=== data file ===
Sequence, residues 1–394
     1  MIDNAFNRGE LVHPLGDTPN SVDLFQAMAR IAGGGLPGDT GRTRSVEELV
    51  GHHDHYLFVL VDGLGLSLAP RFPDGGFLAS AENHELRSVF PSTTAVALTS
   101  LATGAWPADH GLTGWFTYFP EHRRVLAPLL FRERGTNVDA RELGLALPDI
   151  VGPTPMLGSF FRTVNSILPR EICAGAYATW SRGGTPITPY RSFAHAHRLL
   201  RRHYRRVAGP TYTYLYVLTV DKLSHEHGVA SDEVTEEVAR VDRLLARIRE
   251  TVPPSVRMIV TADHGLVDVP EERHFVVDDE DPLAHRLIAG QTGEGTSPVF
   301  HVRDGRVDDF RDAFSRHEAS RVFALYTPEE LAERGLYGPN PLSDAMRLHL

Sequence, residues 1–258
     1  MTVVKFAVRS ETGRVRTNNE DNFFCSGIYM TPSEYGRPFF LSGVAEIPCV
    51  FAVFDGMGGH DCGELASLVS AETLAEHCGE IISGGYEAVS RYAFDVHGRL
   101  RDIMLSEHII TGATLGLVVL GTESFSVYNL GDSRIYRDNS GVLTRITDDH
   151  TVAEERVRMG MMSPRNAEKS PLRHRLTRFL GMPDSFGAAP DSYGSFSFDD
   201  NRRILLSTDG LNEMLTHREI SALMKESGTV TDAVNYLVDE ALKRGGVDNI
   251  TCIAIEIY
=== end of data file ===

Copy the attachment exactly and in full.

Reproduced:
Sequence, residues 1–394
     1  MIDNAFNRGE LVHPLGDTPN SVDLFQAMAR IAGGGLPGDT GRTRSVEELV
    51  GHHDHYLFVL VDGLGLSLAP RFPDGGFLAS AENHELRSVF PSTTAVALTS
   101  LATGAWPADH GLTGWFTYFP EHRRVLAPLL FRERGTNVDA RELGLALPDI
   151  VGPTPMLGSF FRTVNSILPR EICAGAYATW SRGGTPITPY RSFAHAHRLL
   201  RRHYRRVAGP TYTYLYVLTV DKLSHEHGVA SDEVTEEVAR VDRLLARIRE
   251  TVPPSVRMIV TADHGLVDVP EERHFVVDDE DPLAHRLIAG QTGEGTSPVF
   301  HVRDGRVDDF RDAFSRHEAS RVFALYTPEE LAERGLYGPN PLSDAMRLHL

Sequence, residues 1–258
     1  MTVVKFAVRS ETGRVRTNNE DNFFCSGIYM TPSEYGRPFF LSGVAEIPCV
    51  FAVFDGMGGH DCGELASLVS AETLAEHCGE IISGGYEAVS RYAFDVHGRL
   101  RDIMLSEHII TGATLGLVVL GTESFSVYNL GDSRIYRDNS GVLTRITDDH
   151  TVAEERVRMG MMSPRNAEKS PLRHRLTRFL GMPDSFGAAP DSYGSFSFDD
   201  NRRILLSTDG LNEMLTHREI SALMKESGTV TDAVNYLVDE ALKRGGVDNI
   251  TCIAIEIY